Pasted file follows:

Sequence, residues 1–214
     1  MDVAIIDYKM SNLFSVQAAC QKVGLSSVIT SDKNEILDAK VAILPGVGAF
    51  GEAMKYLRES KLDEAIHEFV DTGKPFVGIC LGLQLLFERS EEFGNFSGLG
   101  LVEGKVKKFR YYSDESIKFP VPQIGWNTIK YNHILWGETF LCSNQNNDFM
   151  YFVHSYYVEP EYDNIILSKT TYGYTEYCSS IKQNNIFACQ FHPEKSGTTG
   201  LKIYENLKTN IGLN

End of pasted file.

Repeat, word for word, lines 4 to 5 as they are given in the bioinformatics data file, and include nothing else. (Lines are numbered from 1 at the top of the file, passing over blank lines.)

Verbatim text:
   101  LVEGKVKKFR YYSDESIKFP VPQIGWNTIK YNHILWGETF LCSNQNNDFM
   151  YFVHSYYVEP EYDNIILSKT TYGYTEYCSS IKQNNIFACQ FHPEKSGTTG